'Just make it happen'
Ministry pressured AG to approve sole tender for TCD project - claim
The Accountant General claims she was pressured by Ministry of Transport officials to approve a sole tender contract over the controversial TCD construction project.
The Public Accounts Committee also heard TCD could save Government approximately $1 million by running the motor vehicle safety and emissions testing programme instead of Bermuda Emissions Control Limited (BECL).
The Committee is investigating a special report by Auditor General Heather Jacobs Matthews into the project.
The report states the Ministry of Transport took over control of the construction of the TCD emissions testing building, and two satellite sites, and there was ministerial interference from the outset.
The cost of the development eventually tripled from $5.3 million to $15.2 million. The report states this happened after control was “relinquished” to BECL and Corriea Construction Company Limited; a common shareholder linked the companies. Ms Matthews found there was inadequate documentation to explain the increases.
It adds Transport Permanent Secretary Marc Telemaque ignored an explicit instruction from Cabinet to conduct an open tender for the two satellite facilities.
Previously Mr Telemaque told the Committee he accepted the criticism in the report, but said the project would have taken longer. During his statement to the Committee Mr Telemaque was asked if anyone had exerted pressure on him during the process, he said no. He was not asked if he exerted pressure on anyone during the process.
Yesterday Accountant General Joyce Chesley Hayward was asked if there was ministerial interference.
“I would say the comment ‘just make it happen' was given to me on a number of occasions,” she said. “I was told Cabinet has approved the project.
She added that comment ‘just make it happen' came from the Ministry of Transport's controller, Julie Grant, who has since left the Island.
She said: “I was told [the project] was being delayed because of all the things we were requiring, such as expert reports.”
She later said: “I received an email from my bosses, the Permanent Secretary, and I was told we are doing this, we have done [the due diligence] and it is going ahead.”
When asked if it was the Permanent Secretary of Finance or Transport, she replied: “It was Transport.”
Speaking after the meeting Ms Hayward clarified that the email actually came from Ms Grant, with Mr Telemaque CC'd in the email.
Ms Hayward said all Permanent Secretaries are her bosses and that she did mention her concerns about the documentation to Financial Permanent Secretary Donald Scott. She said he agreed that documentation was necessary.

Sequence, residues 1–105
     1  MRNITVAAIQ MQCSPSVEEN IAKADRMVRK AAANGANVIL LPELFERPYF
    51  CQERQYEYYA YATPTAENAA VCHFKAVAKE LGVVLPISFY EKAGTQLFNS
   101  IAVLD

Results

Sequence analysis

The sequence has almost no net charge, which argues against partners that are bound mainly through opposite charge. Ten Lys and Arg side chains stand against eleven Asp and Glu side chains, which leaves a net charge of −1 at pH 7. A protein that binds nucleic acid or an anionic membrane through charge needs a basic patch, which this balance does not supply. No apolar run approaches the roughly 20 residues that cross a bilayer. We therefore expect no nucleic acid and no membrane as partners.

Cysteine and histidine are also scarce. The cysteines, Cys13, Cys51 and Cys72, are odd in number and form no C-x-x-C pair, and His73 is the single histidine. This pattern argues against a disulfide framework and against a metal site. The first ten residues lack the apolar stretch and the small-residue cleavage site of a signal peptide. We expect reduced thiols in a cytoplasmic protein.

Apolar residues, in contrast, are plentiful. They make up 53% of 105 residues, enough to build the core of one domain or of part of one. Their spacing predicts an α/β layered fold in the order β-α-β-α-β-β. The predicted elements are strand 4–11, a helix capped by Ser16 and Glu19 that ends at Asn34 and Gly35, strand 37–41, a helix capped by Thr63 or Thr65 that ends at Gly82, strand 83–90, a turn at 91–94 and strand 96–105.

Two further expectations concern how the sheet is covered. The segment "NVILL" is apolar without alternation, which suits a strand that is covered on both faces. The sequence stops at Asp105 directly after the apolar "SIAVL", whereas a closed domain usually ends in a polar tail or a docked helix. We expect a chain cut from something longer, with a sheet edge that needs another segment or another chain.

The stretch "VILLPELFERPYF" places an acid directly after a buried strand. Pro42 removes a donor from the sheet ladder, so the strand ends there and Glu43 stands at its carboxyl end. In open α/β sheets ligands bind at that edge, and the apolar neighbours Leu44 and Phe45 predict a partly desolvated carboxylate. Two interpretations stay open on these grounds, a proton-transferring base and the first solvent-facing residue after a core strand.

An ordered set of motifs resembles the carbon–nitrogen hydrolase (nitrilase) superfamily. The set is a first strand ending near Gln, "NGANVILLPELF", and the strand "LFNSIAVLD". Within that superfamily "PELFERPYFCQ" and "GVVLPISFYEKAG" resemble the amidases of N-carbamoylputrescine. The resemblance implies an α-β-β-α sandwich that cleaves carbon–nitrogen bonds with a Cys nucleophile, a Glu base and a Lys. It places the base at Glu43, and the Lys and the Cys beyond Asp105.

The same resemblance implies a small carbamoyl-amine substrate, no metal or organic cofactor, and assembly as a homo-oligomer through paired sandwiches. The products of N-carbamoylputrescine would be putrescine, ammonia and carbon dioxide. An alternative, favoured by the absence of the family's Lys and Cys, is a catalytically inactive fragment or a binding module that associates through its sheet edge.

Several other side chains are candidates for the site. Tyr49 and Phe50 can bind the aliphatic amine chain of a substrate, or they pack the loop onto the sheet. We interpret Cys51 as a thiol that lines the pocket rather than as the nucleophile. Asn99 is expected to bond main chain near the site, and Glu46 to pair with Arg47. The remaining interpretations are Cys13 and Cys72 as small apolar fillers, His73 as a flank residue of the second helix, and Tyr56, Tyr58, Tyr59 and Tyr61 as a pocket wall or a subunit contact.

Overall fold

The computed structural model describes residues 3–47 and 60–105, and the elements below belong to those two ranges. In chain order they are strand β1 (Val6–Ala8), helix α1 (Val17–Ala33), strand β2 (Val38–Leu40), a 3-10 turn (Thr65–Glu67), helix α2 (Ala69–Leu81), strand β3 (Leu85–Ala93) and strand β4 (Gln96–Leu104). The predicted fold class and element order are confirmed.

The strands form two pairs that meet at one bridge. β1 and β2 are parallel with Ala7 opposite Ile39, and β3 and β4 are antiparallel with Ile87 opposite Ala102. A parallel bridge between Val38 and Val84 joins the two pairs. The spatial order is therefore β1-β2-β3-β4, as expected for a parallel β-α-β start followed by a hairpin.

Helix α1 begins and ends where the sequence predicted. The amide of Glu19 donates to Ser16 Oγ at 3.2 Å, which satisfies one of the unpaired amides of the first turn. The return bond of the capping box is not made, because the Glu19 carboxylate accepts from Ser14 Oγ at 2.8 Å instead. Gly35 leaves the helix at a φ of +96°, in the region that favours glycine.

She also described a meeting with BECL and Government officials: “It was explained how this should work.
“I said ‘I'm not the expert, I'm the Accountant General if there is a reason for a sole tender I need a detailed business case'. I was told there wasn't another company that could do it. I said ‘we need the documents'.”
After the Committee meeting Mr Telemaque said: “ At no stage was the allegation that I pressured the Accountant General to “just make it happen” ever put to me or attributed to me by the Public Accounts Committee in two hours of appearing before them. The Auditor General's report does not attribute that comment to me.
“ The Accountant General does not report to me, has never reported to me and did not report to me at the material time. As anyone in the public service will know, no-one can cause a payment to be made without proper documentation.
“It is grossly unfair for this to be aired in this way, without the benefit of any context whatsoever. The imposition of deadlines for completion of tasks and an insistence of timeliness, efficiency and delivery is not undue pressure, it is management and it is meant to be what public service is about.”
Earlier in the day the Committee heard from TCD Director Randy Rochester.
He was asked if TCD could run the facility cheaper than BECL, he said: “Sure. We could run it for $1.4 million less.”
He said Government has been paying for the utility bills, maintenance fees and repairs for the equipment at the TCD emissions testing centre for the past two years.
Government has also paid BECL approximately $2.4 million a year for operating the emissions testing. The contract between BECL and Government stipulates the company should pay for its utilities and the maintenance and repairs of equipment.
Committee Chairman Bob Richards said this meant not only was Government paying more for the service than it should have, it was actually paying for it twice in some instances.
Mr Rochester said one of the reasons Government was paying the electricity bill was that the two entities were on the same electricity meter. He added that TCD would rectify the situation as soon as possible.
Mr Rochester was asked to estimate how much profit the owner of BECL, Donal Smith, is receiving from the contract, based on the operational costs. He said it would be somewhere between $400,000 and $600,0000.
Mr Rochester also admitted the Government was paying more to BECL than it was making from charging the public in test fees.
He added that he had not told the new Transport Minister this fact.
Government is locked into the contract with BECL until 2014.
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